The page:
Many, including ourselves at iMedicalApps, have speculated on the possible uses of the iPad in various healthcare settings. So we decided to test the iPad in the operating room. The first question we had was: “Will the iPad work properly in the sterile environment of the operating room?”
The short answer to that question is yes – but in the process we had some interesting findings on how the iPad’s capacitive screen works with gloves and sterile enclosures – potentially affecting how the iPad will be used in the healthcare setting.
Making the iPad sterile:
A simple xray cassette sterile bag, ubiquitous in the OR, holds an iPad comfortably. Once the iPad is inserted in the plastic bag by the circulating nurse, the top of the bag is cut off, folded back, and clamped with a hemostat, as shown in the below picture. The iPad can now be safely brought into the sterile field.
Importantly, the iPad touchscreen works quite well through the plastic bag, even while wearing gloves. Somehow, the touch of the plastic bag itself against the glass screen registers as a valid touch. I had no problems navigating with the iPad, or using the pinch and zoom functionality to view radiology images.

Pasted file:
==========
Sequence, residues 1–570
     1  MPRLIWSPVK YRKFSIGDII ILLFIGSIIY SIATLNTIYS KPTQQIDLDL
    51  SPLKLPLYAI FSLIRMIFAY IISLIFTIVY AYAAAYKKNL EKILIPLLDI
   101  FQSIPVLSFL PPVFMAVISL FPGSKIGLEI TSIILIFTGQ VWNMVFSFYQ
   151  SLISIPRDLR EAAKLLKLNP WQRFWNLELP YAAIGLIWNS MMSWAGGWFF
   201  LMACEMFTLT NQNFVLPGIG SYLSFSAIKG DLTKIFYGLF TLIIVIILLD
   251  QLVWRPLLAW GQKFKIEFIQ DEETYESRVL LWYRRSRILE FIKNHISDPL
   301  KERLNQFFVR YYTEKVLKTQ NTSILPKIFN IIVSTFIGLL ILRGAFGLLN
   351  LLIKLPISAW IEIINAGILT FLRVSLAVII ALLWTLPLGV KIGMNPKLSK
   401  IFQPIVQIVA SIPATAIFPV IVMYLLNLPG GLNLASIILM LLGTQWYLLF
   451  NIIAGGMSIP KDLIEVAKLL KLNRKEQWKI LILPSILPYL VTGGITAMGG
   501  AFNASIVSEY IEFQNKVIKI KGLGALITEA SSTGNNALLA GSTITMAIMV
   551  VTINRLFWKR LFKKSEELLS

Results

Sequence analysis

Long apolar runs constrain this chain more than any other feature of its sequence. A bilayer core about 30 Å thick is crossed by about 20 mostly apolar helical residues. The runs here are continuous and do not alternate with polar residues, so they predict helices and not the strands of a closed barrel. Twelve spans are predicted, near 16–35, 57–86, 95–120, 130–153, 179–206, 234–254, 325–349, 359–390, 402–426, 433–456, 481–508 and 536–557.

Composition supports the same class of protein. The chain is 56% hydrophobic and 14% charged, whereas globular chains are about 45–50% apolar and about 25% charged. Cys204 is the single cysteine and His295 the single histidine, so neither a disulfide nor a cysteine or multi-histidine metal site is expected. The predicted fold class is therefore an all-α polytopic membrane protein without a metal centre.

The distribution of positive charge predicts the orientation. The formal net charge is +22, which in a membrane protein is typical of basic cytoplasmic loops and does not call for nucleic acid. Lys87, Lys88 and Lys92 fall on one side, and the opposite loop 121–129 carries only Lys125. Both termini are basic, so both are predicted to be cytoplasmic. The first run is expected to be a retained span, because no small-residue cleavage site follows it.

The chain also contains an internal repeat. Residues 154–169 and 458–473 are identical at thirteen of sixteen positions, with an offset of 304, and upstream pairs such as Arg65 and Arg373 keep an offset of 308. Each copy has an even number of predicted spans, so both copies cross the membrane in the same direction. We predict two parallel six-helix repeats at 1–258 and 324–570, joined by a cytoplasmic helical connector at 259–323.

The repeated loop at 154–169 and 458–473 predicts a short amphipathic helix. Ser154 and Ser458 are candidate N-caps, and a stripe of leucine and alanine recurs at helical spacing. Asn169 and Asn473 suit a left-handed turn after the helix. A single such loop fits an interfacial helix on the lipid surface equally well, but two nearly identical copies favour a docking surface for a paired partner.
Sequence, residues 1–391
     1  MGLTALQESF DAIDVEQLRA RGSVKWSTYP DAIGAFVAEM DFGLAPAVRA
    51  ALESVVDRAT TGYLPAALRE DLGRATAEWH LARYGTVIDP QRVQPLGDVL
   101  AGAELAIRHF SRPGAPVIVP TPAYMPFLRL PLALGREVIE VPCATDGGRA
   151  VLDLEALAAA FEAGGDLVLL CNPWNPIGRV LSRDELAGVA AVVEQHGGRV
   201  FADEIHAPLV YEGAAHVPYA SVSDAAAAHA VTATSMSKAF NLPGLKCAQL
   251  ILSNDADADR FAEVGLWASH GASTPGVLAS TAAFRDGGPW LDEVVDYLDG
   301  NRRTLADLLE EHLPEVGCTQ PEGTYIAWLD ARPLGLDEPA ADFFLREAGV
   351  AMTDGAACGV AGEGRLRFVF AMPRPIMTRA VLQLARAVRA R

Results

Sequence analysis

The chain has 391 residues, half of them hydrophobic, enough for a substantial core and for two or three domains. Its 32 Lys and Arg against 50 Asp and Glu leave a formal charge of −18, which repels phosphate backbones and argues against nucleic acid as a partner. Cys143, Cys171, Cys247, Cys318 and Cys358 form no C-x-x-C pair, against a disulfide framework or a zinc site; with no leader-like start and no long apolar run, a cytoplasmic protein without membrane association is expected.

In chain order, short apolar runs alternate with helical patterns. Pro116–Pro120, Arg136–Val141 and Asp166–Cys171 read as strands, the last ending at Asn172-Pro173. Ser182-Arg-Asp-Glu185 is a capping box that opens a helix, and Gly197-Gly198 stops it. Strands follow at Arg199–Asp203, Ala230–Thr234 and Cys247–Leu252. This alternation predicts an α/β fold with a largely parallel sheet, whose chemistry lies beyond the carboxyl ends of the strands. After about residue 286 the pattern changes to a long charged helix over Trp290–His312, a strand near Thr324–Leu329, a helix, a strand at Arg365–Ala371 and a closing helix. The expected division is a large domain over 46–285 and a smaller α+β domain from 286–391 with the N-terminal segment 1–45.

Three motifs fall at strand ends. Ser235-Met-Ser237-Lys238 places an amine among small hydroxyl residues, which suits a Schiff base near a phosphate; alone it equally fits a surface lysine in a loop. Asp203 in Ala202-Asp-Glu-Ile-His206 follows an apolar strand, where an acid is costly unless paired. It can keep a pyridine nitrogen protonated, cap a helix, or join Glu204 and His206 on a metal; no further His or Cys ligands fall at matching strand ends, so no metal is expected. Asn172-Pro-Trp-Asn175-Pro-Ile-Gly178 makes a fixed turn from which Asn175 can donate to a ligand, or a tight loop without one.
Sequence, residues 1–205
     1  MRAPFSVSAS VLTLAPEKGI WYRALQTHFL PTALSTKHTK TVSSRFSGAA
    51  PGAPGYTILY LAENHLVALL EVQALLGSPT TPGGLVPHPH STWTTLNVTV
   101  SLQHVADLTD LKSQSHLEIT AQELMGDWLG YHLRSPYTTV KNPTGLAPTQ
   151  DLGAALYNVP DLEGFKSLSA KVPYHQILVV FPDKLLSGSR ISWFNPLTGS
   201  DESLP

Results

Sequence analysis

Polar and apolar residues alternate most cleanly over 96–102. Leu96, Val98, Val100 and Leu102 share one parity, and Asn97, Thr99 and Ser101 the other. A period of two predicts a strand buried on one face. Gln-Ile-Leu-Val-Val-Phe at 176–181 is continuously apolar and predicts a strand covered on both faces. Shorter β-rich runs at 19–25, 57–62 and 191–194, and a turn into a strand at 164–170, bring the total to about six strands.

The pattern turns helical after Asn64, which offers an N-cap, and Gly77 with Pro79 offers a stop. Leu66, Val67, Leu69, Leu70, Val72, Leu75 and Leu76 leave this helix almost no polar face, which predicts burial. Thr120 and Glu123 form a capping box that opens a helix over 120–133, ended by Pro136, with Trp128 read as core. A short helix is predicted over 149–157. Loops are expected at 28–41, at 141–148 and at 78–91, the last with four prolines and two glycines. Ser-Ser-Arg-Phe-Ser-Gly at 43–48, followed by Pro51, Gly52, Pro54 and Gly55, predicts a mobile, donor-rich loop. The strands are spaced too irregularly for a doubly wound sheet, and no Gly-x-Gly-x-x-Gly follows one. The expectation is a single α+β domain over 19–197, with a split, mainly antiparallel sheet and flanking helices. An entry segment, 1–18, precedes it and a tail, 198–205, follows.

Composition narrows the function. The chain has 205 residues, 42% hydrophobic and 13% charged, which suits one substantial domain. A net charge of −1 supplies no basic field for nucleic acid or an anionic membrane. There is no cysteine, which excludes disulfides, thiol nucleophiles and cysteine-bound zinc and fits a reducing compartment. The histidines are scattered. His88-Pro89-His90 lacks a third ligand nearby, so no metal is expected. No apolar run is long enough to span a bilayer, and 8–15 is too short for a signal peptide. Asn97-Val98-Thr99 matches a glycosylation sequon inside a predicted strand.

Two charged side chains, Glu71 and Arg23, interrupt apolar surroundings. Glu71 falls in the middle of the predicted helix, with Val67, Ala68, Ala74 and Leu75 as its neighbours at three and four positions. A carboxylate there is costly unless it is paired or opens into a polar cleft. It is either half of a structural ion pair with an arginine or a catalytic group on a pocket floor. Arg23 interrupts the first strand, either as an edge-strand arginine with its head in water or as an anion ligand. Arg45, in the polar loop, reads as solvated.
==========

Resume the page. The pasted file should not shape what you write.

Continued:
This was somewhat of a surprise since, as many people have noticed (see our story of the Pogo Sketch), using an iPhone’s screen with gloves is difficult, and nearly impossible if one is double gloved.
What is the use of an iPad in the OR?
There are a myriad or uses, but the same features that make the iPad great for surfing the web, looking at images, and viewing video also make it a potential hit in the operating room. Plus, the portable form factor allows for a greater level of flexibility in the OR where space can be limited.
Where I can see the iPad being an asset in the OR will be the ability to bring in relevant medical imaging directly to the operative site, the ability to review relevant anatomy at the point of care (huge), and the opportunity to enhance resident teaching. Also, the ability to access a 3G network allows you to bypass the hospitals network, which can sometimes be restricted – not allowing you to access remote files and office EMRs. We’ve already shown how a California Hospital is using the Citrix app on the iPad to access their electronic medical records – something we foresee happening more frequently.
My initial impression while using the iPad in the OR showed promise. First, the ability to put the iPad in a sterile enclosure is a big step. On top of that, the ability to use it without requiring an external stylus is huge. These findings alone should put developers and physicians on notice when brainstorming potential applications that could benefit healthcare providers at the point of care – and should change the way they think about where the iPad can be used.
We’ll be bringing you more of our findings in subsequent posts and also delve deeper into the uses of the iPad in healthcare.